Comic book industry analysts were shocked this morning to learn that the Marketplace Fairness Law, which received ceremonial support in the U.S. Senate on Friday, would affect comic book sales. The law allows states to charge sales tax for purchases made online, adding potentially tens of dollars to the coffers of state governments if it is applied to the sale of comics. It is designed to take away the price advantage online retailers hold over brick and mortar retailers, but neglects to address what really makes buying online so attractive: the ability to never leave one's house.
One digital comic buyer, Phil Sowerby of Punxsutawney, Pennsylvania, recounted his reaction to the news in an interview with The Outhouse. "When I first heard that I would soon have to pay the same taxes to buy from online retailers like Mile High Comics, DCBS, or even eBay, I decided to get ahead of the game and try shopping for some comics out in the real world," he told us. "It was scary, but exciting at the same time."
According to reports, Phil made it only a few feet outside his home before being frightened by his own shadow and scurrying quickly back into his basement. "I just feel safer down here," explained Phil. "I don't care if I have to pay taxes."
Phil's sentiment is shockingly prevalent amongst comic book readers. The affinity readers feel for the dark, musty environment of a basement has led to many physical comic retailers trying to replicate this atmosphere inside their shops. However, despite their best attempts, even uber-nerdy events like Magic the Gathering card tournaments often prove too social for most comic book readers.
"In 1997, there was a confirmed sighting of a girl in my local comic shop," reported Scott Bataglia, a reader from Dayton, OH. "We don't know if she bought anything, if she planned to return, or if she had entered mistakenly, thinking it was a JC Penney, but I haven't gone back since regardless. It was difficult at first, as the web was not as well designed or easy to navigate back then, but I managed. Nowadays, the entire internet, with the exception of Ain't It Cool News, has advanced to a point where it's easier to find and purchase comics online than it is to go to a store and thumb through the back issue bins."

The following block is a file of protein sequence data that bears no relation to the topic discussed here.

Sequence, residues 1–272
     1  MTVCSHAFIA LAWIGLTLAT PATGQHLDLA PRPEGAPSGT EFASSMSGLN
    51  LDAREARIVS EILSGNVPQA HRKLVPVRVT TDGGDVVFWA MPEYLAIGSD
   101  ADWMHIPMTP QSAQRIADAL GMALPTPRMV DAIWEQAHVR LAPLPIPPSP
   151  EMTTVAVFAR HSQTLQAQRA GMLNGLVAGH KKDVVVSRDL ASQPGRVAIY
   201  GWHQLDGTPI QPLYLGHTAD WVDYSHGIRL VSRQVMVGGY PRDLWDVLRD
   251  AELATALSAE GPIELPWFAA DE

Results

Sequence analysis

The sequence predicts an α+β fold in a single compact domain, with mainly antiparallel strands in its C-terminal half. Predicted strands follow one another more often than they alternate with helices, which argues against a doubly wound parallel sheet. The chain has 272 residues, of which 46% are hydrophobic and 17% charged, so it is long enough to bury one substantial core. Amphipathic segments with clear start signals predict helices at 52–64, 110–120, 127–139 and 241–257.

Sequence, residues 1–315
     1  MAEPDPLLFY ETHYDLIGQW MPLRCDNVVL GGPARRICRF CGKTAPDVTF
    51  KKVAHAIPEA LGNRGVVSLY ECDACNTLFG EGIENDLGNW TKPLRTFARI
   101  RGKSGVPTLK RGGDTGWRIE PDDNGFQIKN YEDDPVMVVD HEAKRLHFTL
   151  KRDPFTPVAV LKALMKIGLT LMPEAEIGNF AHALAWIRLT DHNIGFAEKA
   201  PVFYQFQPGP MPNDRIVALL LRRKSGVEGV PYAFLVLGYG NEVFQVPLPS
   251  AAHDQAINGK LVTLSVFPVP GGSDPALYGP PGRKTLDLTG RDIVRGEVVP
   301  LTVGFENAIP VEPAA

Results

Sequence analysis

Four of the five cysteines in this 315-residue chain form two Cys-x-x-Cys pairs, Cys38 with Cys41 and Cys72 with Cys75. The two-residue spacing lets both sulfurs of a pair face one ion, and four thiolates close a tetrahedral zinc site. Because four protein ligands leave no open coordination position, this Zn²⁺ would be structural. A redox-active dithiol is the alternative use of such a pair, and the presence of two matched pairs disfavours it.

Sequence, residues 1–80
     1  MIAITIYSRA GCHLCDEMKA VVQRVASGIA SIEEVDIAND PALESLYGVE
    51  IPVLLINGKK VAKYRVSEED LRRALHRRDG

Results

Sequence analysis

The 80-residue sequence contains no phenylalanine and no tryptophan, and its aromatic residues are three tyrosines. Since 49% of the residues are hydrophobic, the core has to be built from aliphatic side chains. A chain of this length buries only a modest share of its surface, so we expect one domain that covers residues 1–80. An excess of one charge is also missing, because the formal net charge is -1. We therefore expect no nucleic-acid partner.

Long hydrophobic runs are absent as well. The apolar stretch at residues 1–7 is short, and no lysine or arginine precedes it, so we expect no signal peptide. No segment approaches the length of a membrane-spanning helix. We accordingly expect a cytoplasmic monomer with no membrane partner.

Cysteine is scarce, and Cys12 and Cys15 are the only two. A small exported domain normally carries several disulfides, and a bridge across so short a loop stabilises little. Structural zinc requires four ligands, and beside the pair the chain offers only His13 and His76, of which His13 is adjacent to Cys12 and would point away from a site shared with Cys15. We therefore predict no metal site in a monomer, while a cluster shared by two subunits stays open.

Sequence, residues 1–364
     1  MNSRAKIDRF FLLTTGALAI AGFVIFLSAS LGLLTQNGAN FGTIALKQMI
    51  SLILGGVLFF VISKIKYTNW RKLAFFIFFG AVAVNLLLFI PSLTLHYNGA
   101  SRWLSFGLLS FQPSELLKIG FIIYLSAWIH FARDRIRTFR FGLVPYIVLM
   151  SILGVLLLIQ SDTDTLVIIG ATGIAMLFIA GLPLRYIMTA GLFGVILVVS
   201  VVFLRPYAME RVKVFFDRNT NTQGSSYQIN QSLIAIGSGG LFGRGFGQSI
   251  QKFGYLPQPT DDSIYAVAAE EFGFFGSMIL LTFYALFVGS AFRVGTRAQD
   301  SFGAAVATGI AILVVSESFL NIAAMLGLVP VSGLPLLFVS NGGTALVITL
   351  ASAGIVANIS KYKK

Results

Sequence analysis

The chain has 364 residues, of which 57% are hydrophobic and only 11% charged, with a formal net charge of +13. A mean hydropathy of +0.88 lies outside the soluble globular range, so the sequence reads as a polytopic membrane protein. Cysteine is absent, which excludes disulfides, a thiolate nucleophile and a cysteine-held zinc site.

As for the publishers, most seem to be in favor of the bill. "We would actually prefer even stronger measures against consumers," said Dan Didio, head honcho of DC Comics, in this fictional quote. "Regulating where they buy is a good first step, but we'd like Congress to regulate what they buy as well. For instance, we could use higher sales on Phantom Stranger and Stormwatch, and Green Lantern Corps could use a boost to make up for that whole John Stewart controversy from last week."
While the Marketplace Fairness Act was supported by most in Fridays budget negotiations, it will still need to be passed as a bill and signed into law, which may not happen for months, since Congress likes to take three month vacations after doing any kind of work. Regardless, their support sends a strong message to big business, namely, "we like money." The Outhouse will keep you updated on future developments from the comfort of our computer chairs inside our moms' basements.
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